V&T Meat and Food, Calgary, Alberta and Hiep Thanh Trading, Edmonton, Alberta, are recalling certain raw pork products from the marketplace due to possible E. coliO157:H7 contamination.Consumers, food service establishments, retailers, distributors and manufacturers in Alberta, should not consume, serve, use, or sell certain raw pork products sold by these two retailers/distributors because the raw pork products may be contaminated with E. coliO157:H7.The affected raw pork products have only been distributed in Alberta.  All raw pork products sold from these locations, during the identified time periods, are affected by this recall.

These raw pork products may have been sold by other retailers. Consumers who are unsure if they have the affected products are advised to check with their retailer.

This recall was triggered by the E. coli O157:H7 foodborne outbreak investigation led by Alberta Health Services (http://www.albertahealthservices.ca/10353.asp) and supported by the Canadian Food Inspection Agency (CFIA) that has sickened 152.

And, do not be surprised that it is in pork:

Samadpour M, Ongerth JE, Liston J, Tran N, Nguyen D, Whittam TS, Wilson RA, Tarr PI. 1994. Occurrence of Shiga-like toxin-producing Escherichia coli in retail fresh seafood, beef, lamb, pork, and poultry from grocery stores in Seattle, Washington. Applied and Environmental Microbiology 60 (3): 1038-1040 Samadpour et al (1994), found non-O157 STEC in 9 (18%) of 51 pork samples, 10 (48%) of 21 lamb samples, 5 (63%) of 8 veal samples, 4 (12%) of 33 chicken samples, 1 (7%) of 15 turkey samples, 6 (10%) of 62 fish samples, and 2 (5%) of 44 shellfish samples tested.

Fratamico PM, Bagi LK, Bush EJ, Solow BT. 2004. Prevalence and characterization of Shiga toxin-producing Escherichia coli in swine feces recovered in the National Animal Health Monitoring System’s Swine 2000 study. Applied and Environmental Microbiology 70(12):7173-8. Fratamico et al., (2004) determined that 70% of 687 swine fecal samples tested positive for the presence of Shiga toxin, and found that most of the serogroups isolated have been associated with human illness. These authors concluded that swine could be a potential reservoir of STEC strains that cause human illness, but conceded that the extent to which swine play a role in the epidemiology of human infection needs further investigation.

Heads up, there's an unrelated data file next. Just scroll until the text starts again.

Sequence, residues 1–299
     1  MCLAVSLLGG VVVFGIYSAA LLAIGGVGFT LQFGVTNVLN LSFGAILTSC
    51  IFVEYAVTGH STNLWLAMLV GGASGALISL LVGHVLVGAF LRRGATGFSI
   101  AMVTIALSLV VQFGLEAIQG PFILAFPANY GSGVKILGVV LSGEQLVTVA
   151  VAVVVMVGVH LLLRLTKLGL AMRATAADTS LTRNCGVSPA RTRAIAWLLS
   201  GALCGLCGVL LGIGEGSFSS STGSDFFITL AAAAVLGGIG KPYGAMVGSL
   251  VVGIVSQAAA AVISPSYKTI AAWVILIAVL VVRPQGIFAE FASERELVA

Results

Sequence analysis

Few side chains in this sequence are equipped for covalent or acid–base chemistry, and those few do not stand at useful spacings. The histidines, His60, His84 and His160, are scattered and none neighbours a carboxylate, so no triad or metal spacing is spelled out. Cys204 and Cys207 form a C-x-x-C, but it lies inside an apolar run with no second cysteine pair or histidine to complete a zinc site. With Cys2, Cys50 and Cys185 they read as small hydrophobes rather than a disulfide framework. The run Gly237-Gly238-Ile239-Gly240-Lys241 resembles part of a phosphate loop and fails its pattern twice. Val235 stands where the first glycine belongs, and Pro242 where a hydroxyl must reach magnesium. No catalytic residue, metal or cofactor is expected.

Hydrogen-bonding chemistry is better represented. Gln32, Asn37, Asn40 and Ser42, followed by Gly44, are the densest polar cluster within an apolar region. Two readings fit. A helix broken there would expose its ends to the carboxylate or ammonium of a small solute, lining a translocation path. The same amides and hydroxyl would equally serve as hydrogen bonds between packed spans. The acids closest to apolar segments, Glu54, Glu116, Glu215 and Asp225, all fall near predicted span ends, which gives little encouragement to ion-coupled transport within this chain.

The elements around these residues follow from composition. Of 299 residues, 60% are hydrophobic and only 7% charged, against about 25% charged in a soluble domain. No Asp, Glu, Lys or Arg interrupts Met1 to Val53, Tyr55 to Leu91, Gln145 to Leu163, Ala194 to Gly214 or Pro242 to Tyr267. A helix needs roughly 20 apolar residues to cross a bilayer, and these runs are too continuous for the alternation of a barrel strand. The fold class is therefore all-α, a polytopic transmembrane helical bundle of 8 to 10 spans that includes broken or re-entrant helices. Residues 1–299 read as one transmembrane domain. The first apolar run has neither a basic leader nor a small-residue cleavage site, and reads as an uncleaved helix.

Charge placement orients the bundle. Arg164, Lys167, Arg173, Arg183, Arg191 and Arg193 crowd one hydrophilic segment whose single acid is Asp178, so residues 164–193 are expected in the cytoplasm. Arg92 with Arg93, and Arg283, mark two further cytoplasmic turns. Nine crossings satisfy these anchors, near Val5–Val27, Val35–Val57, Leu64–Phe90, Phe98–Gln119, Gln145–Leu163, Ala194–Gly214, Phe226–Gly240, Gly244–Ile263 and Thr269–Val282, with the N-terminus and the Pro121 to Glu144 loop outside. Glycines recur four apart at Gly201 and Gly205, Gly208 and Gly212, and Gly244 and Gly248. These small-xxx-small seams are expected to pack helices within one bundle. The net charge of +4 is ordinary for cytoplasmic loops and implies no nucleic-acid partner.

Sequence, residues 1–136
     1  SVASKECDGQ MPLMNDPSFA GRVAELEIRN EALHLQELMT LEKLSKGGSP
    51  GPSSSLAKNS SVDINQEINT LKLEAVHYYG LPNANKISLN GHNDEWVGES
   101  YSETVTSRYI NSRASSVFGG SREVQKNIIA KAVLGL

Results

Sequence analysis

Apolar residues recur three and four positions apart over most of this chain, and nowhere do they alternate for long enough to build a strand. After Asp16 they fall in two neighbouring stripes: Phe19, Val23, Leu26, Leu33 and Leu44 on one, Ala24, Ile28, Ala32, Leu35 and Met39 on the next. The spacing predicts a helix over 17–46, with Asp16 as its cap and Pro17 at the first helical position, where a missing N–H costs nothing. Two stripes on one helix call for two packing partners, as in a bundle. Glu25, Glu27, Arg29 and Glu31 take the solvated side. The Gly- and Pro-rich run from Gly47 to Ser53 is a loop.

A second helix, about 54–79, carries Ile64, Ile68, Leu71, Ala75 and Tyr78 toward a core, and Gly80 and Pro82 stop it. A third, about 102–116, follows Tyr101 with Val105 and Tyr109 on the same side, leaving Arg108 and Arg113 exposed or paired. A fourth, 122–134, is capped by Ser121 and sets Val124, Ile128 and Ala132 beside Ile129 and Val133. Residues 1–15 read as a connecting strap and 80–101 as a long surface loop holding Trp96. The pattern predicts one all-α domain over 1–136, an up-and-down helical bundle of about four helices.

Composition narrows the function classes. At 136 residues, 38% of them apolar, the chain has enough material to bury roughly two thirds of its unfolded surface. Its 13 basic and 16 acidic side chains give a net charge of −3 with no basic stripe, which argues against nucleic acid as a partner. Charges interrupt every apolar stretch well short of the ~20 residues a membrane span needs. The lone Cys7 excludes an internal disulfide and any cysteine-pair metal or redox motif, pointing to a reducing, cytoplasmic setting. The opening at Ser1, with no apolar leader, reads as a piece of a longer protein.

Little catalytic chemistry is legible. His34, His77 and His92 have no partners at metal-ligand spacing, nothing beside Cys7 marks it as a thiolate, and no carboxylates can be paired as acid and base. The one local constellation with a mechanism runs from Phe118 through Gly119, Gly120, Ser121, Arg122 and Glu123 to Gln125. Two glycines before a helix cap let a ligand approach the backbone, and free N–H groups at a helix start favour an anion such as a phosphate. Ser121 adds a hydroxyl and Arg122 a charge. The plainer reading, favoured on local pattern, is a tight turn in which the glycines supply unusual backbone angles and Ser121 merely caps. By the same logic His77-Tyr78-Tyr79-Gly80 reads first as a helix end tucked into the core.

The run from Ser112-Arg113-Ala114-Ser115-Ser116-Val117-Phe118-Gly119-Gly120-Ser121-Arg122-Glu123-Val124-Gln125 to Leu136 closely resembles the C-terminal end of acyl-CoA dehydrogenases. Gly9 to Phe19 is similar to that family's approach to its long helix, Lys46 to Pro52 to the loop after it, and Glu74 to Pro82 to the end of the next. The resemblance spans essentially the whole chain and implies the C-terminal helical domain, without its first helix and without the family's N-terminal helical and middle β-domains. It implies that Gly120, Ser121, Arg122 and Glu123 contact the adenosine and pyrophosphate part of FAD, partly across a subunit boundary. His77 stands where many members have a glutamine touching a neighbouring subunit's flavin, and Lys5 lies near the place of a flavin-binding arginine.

Shiga toxigenic and atypical enteropathogenic Escherichia coli in the feces and carcasses of slaughtered pigs 14.dec.12 Foodborne Pathogens and Disease. December 2012, 9(12): 1119-1125 Clarissa Araújo Borges, Lívia Gerbasi Beraldo, Renato Pariz Maluta, Marita Vedovelli Cardozo, Beatriz Ernestina Cabilio Guth, Everlon Cid Rigobelo, and Fernando Antônio de Ávila http://online.liebertpub.com/doi/abs/10.1089/fpd.2012.1206#utm_source=ETOC&utm_medium=email&utm_campaign=fpd Abstract Escherichia coli is a pathogen of major importance in swine and public health. To determine the prevalence of Shiga toxigenic E. coli (STEC) and enteropathogenic E. coli (EPEC), samples were collected from the feces and carcasses of swines. In total, 441 samples were collected in four samplings, of which 141 samples tested positive for either the stx1, stx2, and/or eae genes. From the positive samples, one STEC and 15 atypical EPEC (aEPEC) isolates were obtained, and all originated from the same sampling. In addition to eae, lpfAO157/OI-141, ehxA, toxB, and lpfAO113were present in the aEPEC isolates. The only